The Illusion of Tesla’s (TSLA) Strong Gross Margins
April 16, 2018 / Stefan Larsen
The illusion of Tesla’s (TSLA) strong gross margins
One of the more frequently cited metrics regarding the superiority of Tesla as opposed to other carmakers, is their higher gross margins, attributed to their “unique business model” and “innovative manufacturing and technology”. They stand at about 20% as of the end of 2017 against competitors, whose gross margins average at around 15%, and are one of the stock’s big selling points according to Wall Street analysts and Tesla’s 10-K. It is used as a promise of Tesla’s currently unproven profitability, and is the basis for the only unachieved operational objective in Elon Musk’s current compensation plan, requiring consecutive quarters of gross margins at least of 30%. The question is whether Tesla’s gross margin actually deserves any praise.
Thanks to an openly published research document by Unit Economics and independent Rhode Island-based research firm, Tesla’s gross margins have been scrutinized, revealing something that should be troubling for Tesla investors. Using the principles laid out in the Unit Economics paper, the focus will be specifically on the gross margins related to Tesla’s core automotive business and the automotive businesses of its competitors, making two important adjustments for the sake of comparability.
The first one cites an important and differentiating aspect of Tesla’s business model: they don’t sell their car through dealerships. At first this could seem like an excellent idea. Dealerships have quite a lot of bargaining power with automakers, usually demanding a 10% discount from the retail price when they make their wholesale purchases. However, Tesla has conspicuously high SG&A expenses, about three times that of Ford or GM as a percentage of revenues, most likely from supporting the part of the business that would be left to dealerships by other automakers. To increase the comparability of Tesla’s automotive gross margins, Tesla’s net automotive sales should be reduced by 10% to reflect the discount that other automotive companies give to the dealerships. This first accounting normalization already reduces Tesla’s automotive gross margins to 11.2%, lower than GM which has an automotive gross margin of 13.9%.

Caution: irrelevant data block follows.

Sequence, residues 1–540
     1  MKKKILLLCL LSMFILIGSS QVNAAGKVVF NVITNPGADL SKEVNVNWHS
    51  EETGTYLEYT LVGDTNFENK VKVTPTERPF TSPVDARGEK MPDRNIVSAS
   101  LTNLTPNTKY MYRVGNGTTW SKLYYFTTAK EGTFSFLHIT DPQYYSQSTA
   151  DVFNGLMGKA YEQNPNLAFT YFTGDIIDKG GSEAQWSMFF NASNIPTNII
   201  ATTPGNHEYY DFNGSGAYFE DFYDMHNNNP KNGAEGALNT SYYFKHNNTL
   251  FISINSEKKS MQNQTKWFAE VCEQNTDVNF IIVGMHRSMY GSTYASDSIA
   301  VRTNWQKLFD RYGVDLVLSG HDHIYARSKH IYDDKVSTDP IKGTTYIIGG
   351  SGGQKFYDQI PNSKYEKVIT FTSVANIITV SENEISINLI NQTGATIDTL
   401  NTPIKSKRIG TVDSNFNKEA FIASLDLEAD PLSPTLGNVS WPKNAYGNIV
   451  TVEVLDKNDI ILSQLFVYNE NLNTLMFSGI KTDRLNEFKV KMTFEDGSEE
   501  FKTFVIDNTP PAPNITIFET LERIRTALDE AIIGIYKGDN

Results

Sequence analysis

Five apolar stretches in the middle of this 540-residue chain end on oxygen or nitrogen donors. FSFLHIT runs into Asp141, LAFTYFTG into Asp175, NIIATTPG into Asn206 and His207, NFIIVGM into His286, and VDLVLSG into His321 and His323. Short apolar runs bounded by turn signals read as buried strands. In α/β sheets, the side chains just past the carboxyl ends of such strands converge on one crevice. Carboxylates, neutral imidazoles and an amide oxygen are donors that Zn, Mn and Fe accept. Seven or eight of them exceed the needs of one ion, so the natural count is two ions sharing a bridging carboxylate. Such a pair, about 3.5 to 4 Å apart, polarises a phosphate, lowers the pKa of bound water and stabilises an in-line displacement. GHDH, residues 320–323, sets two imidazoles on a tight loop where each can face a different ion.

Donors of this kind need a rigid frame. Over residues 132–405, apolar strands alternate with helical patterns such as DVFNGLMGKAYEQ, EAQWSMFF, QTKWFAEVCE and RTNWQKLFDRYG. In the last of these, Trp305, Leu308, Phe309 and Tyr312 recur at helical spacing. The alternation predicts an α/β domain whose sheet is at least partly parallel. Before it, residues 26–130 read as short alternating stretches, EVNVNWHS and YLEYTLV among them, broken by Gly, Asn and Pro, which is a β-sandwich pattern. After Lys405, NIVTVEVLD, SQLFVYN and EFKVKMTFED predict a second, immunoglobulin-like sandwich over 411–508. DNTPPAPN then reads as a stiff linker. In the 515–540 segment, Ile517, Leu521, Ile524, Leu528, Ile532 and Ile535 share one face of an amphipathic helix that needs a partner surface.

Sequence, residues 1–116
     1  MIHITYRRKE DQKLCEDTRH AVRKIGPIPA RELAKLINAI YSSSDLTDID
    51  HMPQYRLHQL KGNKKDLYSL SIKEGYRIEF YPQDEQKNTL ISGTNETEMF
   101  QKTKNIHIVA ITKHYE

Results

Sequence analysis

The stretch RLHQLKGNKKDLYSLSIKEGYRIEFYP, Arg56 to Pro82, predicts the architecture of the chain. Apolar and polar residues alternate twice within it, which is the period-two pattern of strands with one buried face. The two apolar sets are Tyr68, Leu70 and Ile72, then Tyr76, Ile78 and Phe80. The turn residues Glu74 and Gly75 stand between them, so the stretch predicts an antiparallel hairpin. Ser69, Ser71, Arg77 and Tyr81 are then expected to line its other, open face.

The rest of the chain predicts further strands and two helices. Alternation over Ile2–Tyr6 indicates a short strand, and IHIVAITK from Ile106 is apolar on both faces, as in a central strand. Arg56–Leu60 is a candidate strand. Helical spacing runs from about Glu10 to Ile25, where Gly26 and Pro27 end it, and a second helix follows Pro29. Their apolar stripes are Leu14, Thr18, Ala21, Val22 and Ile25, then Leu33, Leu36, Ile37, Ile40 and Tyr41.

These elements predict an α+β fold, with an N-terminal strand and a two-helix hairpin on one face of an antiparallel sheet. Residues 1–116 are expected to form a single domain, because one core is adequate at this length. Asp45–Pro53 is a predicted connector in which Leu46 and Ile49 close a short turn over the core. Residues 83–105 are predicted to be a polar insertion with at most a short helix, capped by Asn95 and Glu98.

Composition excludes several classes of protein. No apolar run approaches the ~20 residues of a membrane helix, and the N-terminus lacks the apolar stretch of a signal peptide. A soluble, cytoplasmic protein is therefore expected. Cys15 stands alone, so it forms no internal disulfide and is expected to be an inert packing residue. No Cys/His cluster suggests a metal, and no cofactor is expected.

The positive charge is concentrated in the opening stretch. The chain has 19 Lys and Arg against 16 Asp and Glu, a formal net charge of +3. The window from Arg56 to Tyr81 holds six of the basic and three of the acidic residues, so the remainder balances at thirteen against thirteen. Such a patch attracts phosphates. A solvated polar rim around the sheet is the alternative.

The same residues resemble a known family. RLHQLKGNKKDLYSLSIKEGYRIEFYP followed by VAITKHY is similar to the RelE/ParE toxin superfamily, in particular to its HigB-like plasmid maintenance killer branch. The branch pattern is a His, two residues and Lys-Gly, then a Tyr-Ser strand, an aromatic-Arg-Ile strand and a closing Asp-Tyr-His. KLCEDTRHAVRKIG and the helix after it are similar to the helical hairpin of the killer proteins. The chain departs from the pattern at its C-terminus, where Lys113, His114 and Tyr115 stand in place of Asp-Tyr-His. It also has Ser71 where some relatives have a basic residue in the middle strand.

Their margins are certainly nothing to brag about given this adjustment, but there is a second adjustment that also needs to be made to Tesla’s margins. Under GAAP, if you do development work for a current model, those costs have to be expensed as Cost Of Goods Sold (COGS). As most other automakers, GM does this; one could verify by looking at the notes in the 10-K financial statements, where it is clearly stated that expensed R&D falls under automotive COGS.
Looking at the composition of COGS in the notes of Tesla’s 10-K, one could observe that they don’t do this, instead placing the expensed R&D on a separate line, not adding it to the automotive COGS. This means that Tesla’s automotive COGS could be as high as $8,102.553 million, while its net automotive sales (including the 10% discount) is $7,681.277 million. This leaves Tesla with an automotive gross margin as low as -4.9%.
One draws the following conclusion using the latest data from the SEC for Tesla and GM’s 2017 10-K’s before the advent of Tesla’s cheaper Model 3: if their automotive gross margins were already significantly negative in a period where they were producing high-end EV’s, it will likely get even worse when they start selling their bargain car. If these adjustments are accurate and to be trusted, Tesla may be headed towards disaster as the Model 3 volumes start to climb.